On that day, the 17-year-old ran 20 miles barefoot to escape thousands of Chinese troops after being hit by a hand grenade during the Korean War.
When he finally found a pair of shoes and a seat aboard a U.S. tank, his feet were frostbitten and his elbow was full of shrapnel.
His pride, however, could not have been stronger. For his actions, Maj. Gen. LaWarren V. Patterson, the commanding general at Fort Gordon, awarded a Purple Heart to Williams – now 81 and a retired Army sergeant first class – during Augusta’s annual Veterans Day ceremony at the city’s All Wars Monument in Olde Town.
Patterson said Williams, a resident of Jackson, truly embodied the Army’s Soldier’s Creed for remaining mentally and physically tough despite extreme circumstances.
“For more than two centuries, veterans of our nation have been willing to serve and to sacrifice for a country and a cause they love more than their own lives,” Patterson said before bestowing the military’s oldest honor for valor on Williams, who was in full uniform. “This has not changed, and that is why we are here today – to celebrate the strength, courage and dedication of our veterans who not only won our wars, but also shaped the world for peace.”
Williams said he knew he would receive the award, but not in front of 300 people during a ceremony that included memorial wreaths, a 21-gun salute and the playing of taps.
“For me, it was more of a surprise,” said Williams, who joined the Army at 17 to prove to his father that he could straighten out his life after being expelled from high school. “I am very proud to be a veteran today. This country loves its heroes, and to me, that means so much.”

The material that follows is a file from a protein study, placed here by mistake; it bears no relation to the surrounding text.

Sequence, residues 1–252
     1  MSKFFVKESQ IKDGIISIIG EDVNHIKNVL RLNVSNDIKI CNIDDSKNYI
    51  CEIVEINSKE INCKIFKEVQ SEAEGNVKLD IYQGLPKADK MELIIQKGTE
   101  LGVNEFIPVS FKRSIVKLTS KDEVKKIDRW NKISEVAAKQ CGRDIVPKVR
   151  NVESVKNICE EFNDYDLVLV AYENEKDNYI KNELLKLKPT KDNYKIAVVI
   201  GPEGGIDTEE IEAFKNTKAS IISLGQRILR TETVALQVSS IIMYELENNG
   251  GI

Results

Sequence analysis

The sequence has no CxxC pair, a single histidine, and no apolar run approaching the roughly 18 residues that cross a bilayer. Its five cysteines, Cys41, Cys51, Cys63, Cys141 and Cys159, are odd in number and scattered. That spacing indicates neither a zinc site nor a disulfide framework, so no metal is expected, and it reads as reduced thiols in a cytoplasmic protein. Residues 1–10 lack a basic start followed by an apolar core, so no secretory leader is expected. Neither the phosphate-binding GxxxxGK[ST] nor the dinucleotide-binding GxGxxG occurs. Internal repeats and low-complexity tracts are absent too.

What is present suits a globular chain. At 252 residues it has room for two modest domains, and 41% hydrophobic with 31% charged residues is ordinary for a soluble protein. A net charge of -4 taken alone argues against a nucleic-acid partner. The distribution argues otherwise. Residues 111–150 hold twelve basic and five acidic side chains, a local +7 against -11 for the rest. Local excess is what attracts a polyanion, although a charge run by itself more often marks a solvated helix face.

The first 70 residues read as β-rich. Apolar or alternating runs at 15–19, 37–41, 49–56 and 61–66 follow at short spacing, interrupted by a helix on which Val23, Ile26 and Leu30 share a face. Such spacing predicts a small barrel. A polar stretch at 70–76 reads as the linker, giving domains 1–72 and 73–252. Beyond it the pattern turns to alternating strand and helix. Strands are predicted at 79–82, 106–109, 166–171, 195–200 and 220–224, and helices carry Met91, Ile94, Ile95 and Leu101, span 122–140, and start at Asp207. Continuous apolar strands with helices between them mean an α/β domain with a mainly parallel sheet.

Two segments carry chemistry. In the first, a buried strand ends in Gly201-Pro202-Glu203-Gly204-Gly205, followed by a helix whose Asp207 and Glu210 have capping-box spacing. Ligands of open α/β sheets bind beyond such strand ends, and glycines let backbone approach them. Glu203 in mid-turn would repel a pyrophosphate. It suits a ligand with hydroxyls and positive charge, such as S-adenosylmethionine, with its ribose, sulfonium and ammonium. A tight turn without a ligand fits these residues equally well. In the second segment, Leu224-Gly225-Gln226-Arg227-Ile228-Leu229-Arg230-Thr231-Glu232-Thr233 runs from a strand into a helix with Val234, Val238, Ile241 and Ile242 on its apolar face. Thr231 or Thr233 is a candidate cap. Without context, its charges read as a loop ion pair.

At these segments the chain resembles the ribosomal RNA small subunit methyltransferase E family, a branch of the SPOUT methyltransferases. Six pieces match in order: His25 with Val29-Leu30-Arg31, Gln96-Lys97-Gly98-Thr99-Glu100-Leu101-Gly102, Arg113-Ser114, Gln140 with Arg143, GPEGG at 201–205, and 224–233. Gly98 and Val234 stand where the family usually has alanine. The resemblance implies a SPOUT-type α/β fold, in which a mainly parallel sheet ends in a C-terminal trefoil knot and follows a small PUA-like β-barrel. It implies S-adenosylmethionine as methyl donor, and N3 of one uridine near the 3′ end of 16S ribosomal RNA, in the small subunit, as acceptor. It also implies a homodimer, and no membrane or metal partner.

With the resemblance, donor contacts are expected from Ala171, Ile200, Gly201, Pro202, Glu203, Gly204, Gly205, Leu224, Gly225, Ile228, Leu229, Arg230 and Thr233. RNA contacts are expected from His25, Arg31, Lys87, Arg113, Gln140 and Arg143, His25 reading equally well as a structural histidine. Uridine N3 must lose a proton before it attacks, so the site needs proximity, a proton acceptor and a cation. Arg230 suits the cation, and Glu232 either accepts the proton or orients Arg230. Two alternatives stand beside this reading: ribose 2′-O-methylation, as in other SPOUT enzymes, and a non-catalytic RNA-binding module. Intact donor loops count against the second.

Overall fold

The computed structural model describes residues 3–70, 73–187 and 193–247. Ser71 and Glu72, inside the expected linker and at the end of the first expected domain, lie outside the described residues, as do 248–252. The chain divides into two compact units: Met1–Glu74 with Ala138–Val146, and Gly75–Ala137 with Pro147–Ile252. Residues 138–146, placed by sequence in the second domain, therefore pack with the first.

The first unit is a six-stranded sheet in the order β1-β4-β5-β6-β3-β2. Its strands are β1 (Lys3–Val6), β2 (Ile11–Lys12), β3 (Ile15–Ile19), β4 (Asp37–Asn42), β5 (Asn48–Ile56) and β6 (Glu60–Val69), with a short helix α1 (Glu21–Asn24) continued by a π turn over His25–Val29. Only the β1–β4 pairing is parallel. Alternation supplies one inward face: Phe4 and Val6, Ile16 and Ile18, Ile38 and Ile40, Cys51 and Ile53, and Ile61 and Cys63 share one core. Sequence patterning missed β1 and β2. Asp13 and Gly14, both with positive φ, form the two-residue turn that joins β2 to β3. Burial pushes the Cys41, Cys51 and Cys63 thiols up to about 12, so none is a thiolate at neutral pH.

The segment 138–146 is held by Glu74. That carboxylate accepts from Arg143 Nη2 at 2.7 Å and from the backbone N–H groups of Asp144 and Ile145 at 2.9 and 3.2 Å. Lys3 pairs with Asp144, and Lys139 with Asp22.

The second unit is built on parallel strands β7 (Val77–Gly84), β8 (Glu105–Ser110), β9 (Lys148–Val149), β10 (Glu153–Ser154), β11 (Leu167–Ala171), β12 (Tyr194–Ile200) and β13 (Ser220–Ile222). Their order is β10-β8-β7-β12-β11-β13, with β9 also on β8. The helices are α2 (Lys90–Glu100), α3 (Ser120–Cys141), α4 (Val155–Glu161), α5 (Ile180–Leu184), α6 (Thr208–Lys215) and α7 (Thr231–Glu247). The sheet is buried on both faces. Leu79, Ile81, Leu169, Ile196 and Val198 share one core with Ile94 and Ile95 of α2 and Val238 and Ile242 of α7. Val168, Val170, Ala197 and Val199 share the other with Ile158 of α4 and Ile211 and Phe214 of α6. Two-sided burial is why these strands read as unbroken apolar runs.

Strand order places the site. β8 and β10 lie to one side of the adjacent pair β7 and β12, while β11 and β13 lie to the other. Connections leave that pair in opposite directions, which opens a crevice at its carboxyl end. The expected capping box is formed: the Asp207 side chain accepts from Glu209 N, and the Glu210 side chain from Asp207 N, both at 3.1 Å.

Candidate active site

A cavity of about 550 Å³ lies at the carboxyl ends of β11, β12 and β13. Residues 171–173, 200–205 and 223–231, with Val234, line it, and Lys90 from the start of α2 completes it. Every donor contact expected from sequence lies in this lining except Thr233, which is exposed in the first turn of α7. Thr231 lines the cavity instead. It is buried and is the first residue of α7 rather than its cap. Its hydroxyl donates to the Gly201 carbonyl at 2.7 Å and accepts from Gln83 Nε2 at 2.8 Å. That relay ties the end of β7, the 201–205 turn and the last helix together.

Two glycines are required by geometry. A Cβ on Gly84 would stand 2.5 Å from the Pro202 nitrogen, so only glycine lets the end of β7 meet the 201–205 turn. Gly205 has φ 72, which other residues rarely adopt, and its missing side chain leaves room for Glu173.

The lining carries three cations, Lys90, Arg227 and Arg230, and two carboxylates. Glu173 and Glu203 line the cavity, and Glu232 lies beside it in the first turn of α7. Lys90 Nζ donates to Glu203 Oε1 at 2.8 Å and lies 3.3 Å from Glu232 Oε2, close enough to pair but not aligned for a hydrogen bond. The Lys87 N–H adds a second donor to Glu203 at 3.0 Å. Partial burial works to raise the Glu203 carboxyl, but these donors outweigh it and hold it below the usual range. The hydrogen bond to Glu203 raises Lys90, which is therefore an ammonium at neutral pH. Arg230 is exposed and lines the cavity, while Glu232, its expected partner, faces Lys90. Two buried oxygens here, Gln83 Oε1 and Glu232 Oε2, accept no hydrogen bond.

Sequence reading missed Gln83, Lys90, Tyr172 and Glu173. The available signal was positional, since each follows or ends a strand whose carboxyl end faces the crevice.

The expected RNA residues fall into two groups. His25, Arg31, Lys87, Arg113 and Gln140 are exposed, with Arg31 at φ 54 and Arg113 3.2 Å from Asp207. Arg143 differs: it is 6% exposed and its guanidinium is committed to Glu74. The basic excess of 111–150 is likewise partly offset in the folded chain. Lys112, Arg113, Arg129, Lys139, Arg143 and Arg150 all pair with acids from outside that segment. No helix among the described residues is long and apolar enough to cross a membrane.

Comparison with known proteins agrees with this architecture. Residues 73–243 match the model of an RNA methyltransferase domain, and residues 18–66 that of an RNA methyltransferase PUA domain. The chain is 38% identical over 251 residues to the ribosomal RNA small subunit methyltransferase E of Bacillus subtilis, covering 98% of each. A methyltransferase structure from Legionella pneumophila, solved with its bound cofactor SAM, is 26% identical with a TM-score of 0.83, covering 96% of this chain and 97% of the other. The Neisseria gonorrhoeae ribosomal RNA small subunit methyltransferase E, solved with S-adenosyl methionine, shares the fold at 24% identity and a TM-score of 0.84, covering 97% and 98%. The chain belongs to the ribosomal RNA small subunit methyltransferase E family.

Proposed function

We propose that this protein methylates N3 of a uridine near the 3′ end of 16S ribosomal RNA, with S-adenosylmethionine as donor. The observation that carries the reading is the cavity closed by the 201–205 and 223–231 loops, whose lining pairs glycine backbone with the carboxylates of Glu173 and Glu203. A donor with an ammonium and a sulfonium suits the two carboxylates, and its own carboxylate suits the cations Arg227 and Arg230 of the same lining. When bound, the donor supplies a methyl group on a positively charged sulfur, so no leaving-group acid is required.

During the city’s parade down Broad Street, military drill teams twirled rifles and threw them into the air; camouflaged Humvees rolled past carrying veterans from the Vietnam War; and high school marching bands played the Army and Air Force songs.
“There are not many people here beside veterans,” said Eleanor Weatherford, 77, a 20-year Air Force nurse who served two tours in Vietnam.
Metro Augusta is home to about 10 percent of Georgia’s 775,000 veterans; only about 300 people lined Broad Street to watch the parade. The spectators included Holiday Inn Express construction workers, Wells Fargo bank tellers and convenience store clerks who watched from job sites.
“Every day is my day, but today is extra special. I am a little disappointed by the low turnout,” said Weatherford, who cared for and fed orphans and wounded service members while deployed to Cam Rahn Air Base in Vietnam.
“Our mission was to save lives, and we did that with great honor,” she said.
Patterson commended the service of those in attendance Monday and challenged everyone in the audience to remember three things: veterans are service members for life, the U.S. Department of Defense is committed to their lifelong success and the federal government needs the help of its citizens to fulfill that pledge.
Tara Hampton, 41, a retired soldier who served from 1989-97, said her life depends on that commitment. She began her military disability payments this year for degenerative joint disease, and her daughter, Jasmine Burkes, a 16-year-old sophomore enrolled in the Cross Creek High School Junior ROTC, is considering enlisting in the Army.
Hampton said the Veterans Day parade and the recruitment papers her daughter recently received brought back memories of her days driving Humvees, piloting military aircraft and jumping out of helicopters overseas.
Jasmine said the stories inspired her.
“It’s a great feeling to want to join the Army for the discipline and to show patriotism,” the teenager said.
Hampton said her daughter’s commitment shows America’s future is still strong.
“It all goes back to the saying, ‘All gave some and some gave all,’ ” Hampton said. “It reminds us that freedom isn’t free and for that, I don’t mind one bit passing the torch.”